Years later I found myself in the Eastlake Starbucks talking to Barry about an adjunct faculty position for the fast-growing Strategic Communications major at Seattle U. Another Starbucks meeting with him a couple years later led to my joining the project as coordinator and helping him implement the Journalism Fellowships program.
So even as I am sad to say goodbye to Barry as my boss and mentor, I treasure having been able to work with him and learn from him these past six years.
“Predictably Generous” – Not just a great book title
I’m not the only one who looks up to Barry. Our partners greatly valued being able to call upon his insight and experience, and his generosity in sharing it. He was in high demand for communications counseling and advice.
Barry balanced his work leading our project with his teaching duties, sending a generation of excellent strategic communications students out into the world with the knowledge they soaked up from his decades as a communicator and the skills they honed through the work he arranged for pro-bono clients. He always found ways for his students to participate on our project.
He said he would prefer to stay in the background; but when partners asked him to moderate or emcee their events, he graciously agreed — and we got to watch a master at work. For example, he facilitated a media panel for the Housing Development Consortium, “Homelessness and the Media,” that yielded these great tips on working with media. Last fall, he was host of the Building Changes “Talk it Up” event, featuring storytellers from our project with The Moth, recorded by our partner Firesteel.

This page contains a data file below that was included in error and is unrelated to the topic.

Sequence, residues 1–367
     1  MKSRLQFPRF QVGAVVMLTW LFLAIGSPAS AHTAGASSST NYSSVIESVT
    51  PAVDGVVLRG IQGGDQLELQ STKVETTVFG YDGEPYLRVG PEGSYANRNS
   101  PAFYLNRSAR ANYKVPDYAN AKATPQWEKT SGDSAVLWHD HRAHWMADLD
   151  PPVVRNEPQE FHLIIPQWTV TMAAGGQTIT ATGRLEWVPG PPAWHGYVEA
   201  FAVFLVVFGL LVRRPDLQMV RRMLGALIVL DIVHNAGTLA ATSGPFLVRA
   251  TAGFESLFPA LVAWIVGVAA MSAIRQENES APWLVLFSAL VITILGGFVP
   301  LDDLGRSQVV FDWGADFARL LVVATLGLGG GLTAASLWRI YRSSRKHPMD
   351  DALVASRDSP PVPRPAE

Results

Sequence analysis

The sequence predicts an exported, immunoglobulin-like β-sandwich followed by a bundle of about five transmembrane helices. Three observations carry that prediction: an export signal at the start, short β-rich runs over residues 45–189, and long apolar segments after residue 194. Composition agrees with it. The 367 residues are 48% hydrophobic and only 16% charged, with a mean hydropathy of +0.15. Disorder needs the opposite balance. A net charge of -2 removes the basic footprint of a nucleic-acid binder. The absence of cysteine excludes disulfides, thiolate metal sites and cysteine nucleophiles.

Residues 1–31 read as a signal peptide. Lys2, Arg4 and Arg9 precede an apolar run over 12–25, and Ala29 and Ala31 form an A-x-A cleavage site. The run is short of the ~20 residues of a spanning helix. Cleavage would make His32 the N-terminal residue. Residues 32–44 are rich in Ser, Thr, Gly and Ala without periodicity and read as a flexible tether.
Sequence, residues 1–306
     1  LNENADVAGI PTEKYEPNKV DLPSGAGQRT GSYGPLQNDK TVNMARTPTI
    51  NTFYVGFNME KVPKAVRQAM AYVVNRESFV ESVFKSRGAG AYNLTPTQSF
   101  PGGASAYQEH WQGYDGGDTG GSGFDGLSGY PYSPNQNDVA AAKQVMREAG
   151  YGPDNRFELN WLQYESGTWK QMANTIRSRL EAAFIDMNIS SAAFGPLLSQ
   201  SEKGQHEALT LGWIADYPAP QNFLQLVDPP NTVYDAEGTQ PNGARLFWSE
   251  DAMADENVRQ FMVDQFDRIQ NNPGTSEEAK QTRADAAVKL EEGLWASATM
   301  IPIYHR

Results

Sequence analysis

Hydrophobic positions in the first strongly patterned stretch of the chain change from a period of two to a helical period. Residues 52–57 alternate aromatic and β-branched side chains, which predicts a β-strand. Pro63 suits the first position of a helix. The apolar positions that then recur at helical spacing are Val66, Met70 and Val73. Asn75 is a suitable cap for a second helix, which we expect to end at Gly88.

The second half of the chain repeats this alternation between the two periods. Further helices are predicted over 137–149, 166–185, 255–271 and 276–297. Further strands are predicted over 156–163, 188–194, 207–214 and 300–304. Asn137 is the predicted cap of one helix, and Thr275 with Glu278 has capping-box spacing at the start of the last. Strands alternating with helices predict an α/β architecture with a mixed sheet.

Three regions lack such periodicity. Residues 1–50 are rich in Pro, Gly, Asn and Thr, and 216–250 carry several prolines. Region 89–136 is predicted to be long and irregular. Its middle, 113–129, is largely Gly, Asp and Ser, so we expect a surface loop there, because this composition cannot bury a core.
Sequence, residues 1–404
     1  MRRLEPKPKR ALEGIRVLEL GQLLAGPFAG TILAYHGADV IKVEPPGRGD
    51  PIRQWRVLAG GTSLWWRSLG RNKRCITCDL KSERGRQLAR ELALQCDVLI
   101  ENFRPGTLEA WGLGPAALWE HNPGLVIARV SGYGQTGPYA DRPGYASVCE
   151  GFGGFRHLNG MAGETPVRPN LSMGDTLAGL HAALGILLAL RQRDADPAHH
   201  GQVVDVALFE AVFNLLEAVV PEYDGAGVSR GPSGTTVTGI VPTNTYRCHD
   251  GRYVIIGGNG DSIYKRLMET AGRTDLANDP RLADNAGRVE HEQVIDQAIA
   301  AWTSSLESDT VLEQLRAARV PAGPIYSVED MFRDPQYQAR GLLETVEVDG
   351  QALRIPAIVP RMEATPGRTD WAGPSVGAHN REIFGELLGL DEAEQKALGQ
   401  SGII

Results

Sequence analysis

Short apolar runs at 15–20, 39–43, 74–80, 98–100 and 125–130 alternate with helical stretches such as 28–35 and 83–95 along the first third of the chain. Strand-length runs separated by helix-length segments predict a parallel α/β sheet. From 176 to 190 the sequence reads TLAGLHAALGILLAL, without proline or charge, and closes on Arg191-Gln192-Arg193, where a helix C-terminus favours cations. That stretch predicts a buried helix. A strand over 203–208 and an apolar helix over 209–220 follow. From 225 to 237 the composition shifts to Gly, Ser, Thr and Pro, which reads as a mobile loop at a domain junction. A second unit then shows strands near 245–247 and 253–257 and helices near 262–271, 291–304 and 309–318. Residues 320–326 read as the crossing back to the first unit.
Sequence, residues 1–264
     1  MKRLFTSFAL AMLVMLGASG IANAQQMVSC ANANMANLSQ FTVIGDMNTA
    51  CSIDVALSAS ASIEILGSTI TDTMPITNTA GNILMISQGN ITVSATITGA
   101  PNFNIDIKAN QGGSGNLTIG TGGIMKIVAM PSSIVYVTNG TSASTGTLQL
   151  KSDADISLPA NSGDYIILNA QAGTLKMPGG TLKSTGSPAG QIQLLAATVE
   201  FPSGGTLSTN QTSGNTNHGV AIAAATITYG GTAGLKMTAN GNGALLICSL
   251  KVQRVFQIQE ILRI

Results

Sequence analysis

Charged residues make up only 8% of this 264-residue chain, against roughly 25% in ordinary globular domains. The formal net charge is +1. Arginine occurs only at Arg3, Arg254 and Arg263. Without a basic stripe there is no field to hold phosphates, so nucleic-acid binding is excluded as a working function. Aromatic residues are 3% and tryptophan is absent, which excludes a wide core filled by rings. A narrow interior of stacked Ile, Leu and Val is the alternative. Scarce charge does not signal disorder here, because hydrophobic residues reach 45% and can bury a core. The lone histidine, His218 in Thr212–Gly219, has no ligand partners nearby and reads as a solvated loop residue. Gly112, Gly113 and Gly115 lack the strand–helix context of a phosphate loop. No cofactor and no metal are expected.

In his campus lecture about on our project, he talked about one of the greatest learning moments for him, and why we always need to think about why we’re here — to connect people to action and answer the all-important question, “What can we do?” He regretted that we missed an opportunity with filmmaker Alexandra Pelosi, director of one of our favorite films about family homelessness, “Homeless: The Motel Kids of Orange County.” When we brought Alexandra to the region in early 2011 to screen her film, we booked her onto the KING-5 TV show “New Day Northwest.” Toward the end, host Margaret Larson asked her “What can we do?” It put Alexandra on the spot because she didn’t feel she was in a position to answer; and Barry always felt we should have done a better job prepping her so that she could easily respond. (We made sure not to repeat that mistake on later spokesperson events like the Inocente screening.)